A few month ago I was reading somewhere that if you re-encrypt an encrypted message, it does not improve its security and it evens makes the cipher less secure. But as I search now, I cannot find any specific article regarding this case. It would be great if you let me know, and it would be awesome it you give me a reference so I can read about it. Thanks in advance.
closed as off topic by gahooa, Borealid, GregS, Eugene Mayevski 'EldoS Corp, Joe Feb 19 '12 at 12:51
Questions on Stack Overflow are expected to relate to programming within the scope defined by the community. Consider editing the question or leaving comments for improvement if you believe the question can be reworded to fit within the scope. Read more about reopening questions here.If this question can be reworded to fit the rules in the help center, please edit the question.
The answer really depends on the encryption being used.
If you rot-13 your plaintext twice, you get the plaintext back.
The difference is whether the encryption function forms an algebraic group under functional composition. That is the same as saying the difference depends on whether, for an encryption function F() and keys Ki applied to a message m, does F( K1, F( K2, m)) == F( K3, m ) for some K3?
|show 1 more comment|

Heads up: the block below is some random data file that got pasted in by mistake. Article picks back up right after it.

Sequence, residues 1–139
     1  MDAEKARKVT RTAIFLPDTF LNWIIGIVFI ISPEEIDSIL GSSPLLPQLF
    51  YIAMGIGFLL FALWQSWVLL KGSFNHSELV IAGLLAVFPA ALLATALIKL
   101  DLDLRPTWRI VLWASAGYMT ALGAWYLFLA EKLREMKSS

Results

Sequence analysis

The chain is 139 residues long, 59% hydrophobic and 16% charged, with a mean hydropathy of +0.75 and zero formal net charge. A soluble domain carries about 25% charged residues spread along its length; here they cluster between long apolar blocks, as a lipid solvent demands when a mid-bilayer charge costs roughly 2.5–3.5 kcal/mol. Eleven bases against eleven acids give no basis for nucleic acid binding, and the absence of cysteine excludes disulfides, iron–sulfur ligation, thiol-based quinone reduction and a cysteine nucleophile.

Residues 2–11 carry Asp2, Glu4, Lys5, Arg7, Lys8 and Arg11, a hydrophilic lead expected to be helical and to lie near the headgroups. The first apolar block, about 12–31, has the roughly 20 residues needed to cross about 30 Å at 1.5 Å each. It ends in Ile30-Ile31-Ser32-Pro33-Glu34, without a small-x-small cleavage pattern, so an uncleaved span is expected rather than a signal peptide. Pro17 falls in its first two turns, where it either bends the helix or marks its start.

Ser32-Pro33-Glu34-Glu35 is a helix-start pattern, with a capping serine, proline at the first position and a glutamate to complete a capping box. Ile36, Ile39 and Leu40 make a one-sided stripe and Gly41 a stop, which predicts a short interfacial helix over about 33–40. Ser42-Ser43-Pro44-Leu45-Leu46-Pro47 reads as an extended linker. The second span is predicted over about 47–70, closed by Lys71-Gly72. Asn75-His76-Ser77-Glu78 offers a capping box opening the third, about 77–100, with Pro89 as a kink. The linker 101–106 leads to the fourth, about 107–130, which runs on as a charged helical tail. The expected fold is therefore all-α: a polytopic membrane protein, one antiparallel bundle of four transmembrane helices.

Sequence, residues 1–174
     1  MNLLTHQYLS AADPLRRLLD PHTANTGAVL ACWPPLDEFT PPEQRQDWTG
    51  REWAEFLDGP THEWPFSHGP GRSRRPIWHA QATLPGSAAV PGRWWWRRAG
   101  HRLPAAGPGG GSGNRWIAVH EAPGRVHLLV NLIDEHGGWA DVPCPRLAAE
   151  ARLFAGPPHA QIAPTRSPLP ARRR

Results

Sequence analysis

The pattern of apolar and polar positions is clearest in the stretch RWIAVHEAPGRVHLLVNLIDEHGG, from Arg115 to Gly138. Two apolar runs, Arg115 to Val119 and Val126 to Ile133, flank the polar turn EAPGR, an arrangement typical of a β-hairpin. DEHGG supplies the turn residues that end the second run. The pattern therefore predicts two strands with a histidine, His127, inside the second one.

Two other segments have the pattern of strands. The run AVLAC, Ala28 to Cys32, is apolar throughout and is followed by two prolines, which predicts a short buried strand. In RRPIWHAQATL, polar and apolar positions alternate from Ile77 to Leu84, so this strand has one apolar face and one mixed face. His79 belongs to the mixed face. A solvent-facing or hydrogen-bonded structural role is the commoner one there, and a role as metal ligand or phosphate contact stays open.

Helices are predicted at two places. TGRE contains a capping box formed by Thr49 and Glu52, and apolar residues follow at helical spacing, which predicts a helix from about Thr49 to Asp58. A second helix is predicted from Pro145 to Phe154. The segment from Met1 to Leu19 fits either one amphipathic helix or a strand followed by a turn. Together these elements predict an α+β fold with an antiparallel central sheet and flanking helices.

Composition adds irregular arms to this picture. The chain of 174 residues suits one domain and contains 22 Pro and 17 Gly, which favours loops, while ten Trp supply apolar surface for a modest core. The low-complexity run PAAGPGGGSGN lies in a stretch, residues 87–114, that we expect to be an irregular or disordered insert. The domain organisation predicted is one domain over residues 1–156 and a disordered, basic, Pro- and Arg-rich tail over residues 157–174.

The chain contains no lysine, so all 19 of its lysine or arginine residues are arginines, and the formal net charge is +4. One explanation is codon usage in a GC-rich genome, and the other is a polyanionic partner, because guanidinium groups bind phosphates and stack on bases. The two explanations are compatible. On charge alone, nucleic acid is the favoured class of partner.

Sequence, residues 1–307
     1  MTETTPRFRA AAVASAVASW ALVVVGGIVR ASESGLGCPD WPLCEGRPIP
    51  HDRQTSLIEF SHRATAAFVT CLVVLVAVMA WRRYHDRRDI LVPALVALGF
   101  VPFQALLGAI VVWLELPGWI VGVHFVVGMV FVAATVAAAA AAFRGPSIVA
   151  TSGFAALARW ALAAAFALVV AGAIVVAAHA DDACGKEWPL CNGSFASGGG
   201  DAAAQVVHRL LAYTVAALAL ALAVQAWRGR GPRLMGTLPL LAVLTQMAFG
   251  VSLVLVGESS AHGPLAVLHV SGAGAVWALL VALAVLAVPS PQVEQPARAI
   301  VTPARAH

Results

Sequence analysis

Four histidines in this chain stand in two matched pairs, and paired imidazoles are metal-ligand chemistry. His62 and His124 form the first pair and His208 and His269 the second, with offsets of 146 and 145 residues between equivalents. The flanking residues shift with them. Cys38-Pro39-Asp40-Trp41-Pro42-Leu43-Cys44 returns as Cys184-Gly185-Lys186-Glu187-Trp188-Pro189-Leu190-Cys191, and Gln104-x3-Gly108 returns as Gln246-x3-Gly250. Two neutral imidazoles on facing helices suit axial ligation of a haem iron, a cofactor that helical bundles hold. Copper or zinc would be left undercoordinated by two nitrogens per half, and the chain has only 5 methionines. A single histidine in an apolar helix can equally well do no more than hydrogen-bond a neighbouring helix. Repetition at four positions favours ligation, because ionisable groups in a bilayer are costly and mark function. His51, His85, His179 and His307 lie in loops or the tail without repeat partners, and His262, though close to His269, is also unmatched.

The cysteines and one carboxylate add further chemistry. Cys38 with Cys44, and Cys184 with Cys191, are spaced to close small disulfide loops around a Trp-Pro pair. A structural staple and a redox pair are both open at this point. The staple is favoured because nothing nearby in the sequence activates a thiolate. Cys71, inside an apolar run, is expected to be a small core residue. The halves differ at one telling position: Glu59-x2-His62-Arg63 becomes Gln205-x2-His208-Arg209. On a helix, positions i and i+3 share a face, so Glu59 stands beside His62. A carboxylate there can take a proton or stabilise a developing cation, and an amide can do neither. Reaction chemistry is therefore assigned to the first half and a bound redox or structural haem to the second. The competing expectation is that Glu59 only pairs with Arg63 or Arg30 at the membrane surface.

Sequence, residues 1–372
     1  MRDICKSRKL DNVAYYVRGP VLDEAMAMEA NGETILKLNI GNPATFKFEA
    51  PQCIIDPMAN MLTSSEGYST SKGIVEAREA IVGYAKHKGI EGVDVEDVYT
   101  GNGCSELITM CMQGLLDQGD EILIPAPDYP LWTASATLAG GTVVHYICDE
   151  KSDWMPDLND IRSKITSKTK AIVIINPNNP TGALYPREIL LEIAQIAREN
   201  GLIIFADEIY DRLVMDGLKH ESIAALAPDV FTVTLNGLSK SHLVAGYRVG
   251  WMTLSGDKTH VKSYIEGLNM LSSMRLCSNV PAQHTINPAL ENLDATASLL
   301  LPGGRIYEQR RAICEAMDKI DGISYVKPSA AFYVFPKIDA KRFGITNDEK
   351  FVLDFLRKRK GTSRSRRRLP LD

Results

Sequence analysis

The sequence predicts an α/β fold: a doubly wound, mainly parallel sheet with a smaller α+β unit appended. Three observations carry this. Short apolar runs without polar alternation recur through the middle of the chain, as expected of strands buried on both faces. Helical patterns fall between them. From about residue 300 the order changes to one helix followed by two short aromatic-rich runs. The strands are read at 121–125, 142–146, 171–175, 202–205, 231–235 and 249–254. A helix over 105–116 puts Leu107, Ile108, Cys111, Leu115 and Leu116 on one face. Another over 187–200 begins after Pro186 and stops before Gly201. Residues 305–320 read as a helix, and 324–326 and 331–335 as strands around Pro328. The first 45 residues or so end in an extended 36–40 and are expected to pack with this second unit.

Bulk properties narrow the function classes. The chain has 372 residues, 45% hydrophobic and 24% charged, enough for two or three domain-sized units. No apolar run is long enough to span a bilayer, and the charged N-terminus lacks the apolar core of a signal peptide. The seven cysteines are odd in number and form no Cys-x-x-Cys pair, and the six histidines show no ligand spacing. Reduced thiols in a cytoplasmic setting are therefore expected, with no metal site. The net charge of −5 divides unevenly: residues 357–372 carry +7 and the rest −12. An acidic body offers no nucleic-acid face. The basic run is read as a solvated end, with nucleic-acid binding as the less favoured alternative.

For symmetric block ciphers:
There are two different cases: Encryption using the same key, and encryption using two independent keys.
Using different keys makes the encryption at least as strong as the stronger of the encryptions you use. In practice likely stronger than the stronger, but that's not guaranteed.
Using the same key is more problematic. But in practice it'll likely increase security over the individual cipher.
The main disadvantage of double encryption is that it's twice as slow.
With plain, padding less RSA, rouble encrypting with the same key wouldn't increase security at all, since composing RSA encryption results in a single RSA encryption with a combined key.
But that's not relevant in practice, since you don't typically encrypt data directly with RSA, and you almost always use padding.
But a lot depends on what you're doing. For example when hashing, it's very important how the hashes are combined, and when you combine them in the wrong way, you might end up weakening your scheme significantly.
Say you had a one-time pad and an xor function . . .
But seriously, it does not really make any difference. Personally, I feel that ciphers should be designed to be effective at one application, because in my experience often repeated applications amplify some artefacts that reduce the entropy of the ciphertext. It's kind of like destructive interference, where a large number of signals line up....that does seem to happen sometimes with repeating the same cipher -- though the effect is (for good ciphers) much less when you use different keys than if you use the same key. But it still makes me uneasy.
I believe the only reason to do it is to chain the plain/ciphertext in both directions so that errors are propagated and persist indicating that the message has been tampered with.